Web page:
More Black History
Marshall “Major” Taylor World Champion Cyclist 1899-1901 is the story of a young boy who grew up in Indianapolis over a hundred years ago. Despite living at a time when African-Americans were often denied basic rights, Marshall Taylor became a world champion cyclist. Marshall earned the nickname “Major” when he performed bicycle tricks dressed in a military style costume. When he was a teenager he stopped performing tricks and moved on to bicycle racing – and he was really, really good – world champion good! His story is inspiring because he persevered even when there were many people who didn’t want him to even be in a race, let alone win, just because he was African-American. Sometimes he rode fast just to get away from angry people chasing him!
In Indianapolis, we have the Major Taylor Velodrome, a world-class bicycle racing track named for this cycling great.
Listed below are books, websites & databases that will help you learn about more black athletes and the contributions they have made in their sport and in their communities.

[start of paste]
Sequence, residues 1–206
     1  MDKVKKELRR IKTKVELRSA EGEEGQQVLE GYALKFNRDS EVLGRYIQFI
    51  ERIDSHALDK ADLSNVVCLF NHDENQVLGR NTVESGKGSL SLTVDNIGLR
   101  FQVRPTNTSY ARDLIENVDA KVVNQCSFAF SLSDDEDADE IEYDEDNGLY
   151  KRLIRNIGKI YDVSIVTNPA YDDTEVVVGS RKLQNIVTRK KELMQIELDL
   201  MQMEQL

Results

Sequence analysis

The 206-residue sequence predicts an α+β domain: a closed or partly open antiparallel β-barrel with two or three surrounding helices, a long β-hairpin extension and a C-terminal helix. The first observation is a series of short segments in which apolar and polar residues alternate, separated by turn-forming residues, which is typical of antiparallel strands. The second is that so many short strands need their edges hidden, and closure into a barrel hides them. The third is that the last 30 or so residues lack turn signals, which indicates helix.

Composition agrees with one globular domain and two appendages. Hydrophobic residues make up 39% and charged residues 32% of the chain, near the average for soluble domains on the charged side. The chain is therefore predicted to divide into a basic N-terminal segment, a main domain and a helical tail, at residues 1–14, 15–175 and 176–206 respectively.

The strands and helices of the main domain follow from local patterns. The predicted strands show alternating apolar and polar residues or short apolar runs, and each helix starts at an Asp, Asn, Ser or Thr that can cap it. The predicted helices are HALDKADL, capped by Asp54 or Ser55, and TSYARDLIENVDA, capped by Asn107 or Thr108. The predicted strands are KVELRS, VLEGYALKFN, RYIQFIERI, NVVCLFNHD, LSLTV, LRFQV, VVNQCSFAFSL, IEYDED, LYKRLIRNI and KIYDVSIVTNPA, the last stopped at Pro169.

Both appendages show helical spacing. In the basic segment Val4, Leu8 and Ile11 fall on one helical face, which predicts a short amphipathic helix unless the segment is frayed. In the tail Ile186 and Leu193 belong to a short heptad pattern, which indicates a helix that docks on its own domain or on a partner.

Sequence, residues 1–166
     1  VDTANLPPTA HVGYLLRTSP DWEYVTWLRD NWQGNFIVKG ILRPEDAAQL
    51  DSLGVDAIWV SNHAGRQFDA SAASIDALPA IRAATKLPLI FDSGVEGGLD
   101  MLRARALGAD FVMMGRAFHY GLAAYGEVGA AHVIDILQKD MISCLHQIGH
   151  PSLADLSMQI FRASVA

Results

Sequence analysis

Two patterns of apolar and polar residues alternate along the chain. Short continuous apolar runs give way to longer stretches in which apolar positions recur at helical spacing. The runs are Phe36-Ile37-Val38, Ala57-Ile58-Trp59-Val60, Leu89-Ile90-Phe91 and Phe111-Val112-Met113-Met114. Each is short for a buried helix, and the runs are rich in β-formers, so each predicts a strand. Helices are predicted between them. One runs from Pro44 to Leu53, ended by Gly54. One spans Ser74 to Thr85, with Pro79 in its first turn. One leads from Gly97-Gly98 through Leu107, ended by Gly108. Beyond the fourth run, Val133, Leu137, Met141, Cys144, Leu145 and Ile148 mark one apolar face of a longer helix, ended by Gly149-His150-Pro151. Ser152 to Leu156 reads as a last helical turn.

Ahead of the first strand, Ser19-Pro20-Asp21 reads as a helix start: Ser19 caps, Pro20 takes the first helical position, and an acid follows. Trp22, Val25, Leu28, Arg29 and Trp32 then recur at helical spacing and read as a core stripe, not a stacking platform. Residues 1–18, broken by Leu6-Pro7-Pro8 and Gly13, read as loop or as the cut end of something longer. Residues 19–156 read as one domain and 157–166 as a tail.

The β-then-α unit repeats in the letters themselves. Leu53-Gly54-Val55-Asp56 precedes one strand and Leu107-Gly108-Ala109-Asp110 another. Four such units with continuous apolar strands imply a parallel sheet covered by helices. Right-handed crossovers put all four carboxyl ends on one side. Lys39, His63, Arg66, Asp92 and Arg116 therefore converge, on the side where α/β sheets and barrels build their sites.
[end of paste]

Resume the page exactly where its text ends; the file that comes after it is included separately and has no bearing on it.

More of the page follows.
The Muhammad Ali Boxing Game is an Artifact at The Children’s Museum of Indianapolis. It showcases the popularity of Ali. How many athletes have a game named after them? During the 1960’s boxer Cassius Clay, who later changed his name to Muhammad Ali, was a positive role model for many African-Americans. Ali was more than a boxer. He expressed his political views on the Civil Rights Movement and the Vietnam War. In 1967, Ali was stripped of his world title due to his refusal to be drafted. After retiring, Ali collaborated with the United Nations to promote peace around the world.
Websites, Activities & Printables:
Biography in Context is a database you can use in any IndyPL Library Branch or at home. Biography in Context will show you biographies, magazines, videos and more about Marshall Taylor and other African American Athletes.
Use your indyPL Library Card to check out books at any of our locations, or check out e-books and e-audiobooks from home right to your device. Click on a book jacket below to request a book or download it. Need help? Call or ask a Library staff member at any of our locations, text a librarian at 317 333-6877, or leave a comment.
To learn even more about fascinating and inspiring black history makers, visit the Center for Black Literature & Culture at Central Library. The Center is dedicated to celebrating the vibrant and resilient heritage and triumphs of those born of African roots.
“To get young people engaged, one of the things they need is to see themselves in books. It is important for all of us to see ourselves in books, because that encourages us to read in a different way and encourages us to write more.” ~ Dr. Jerrie Cobb Scott Founder of the African American Read-in #weneeddiversebooks
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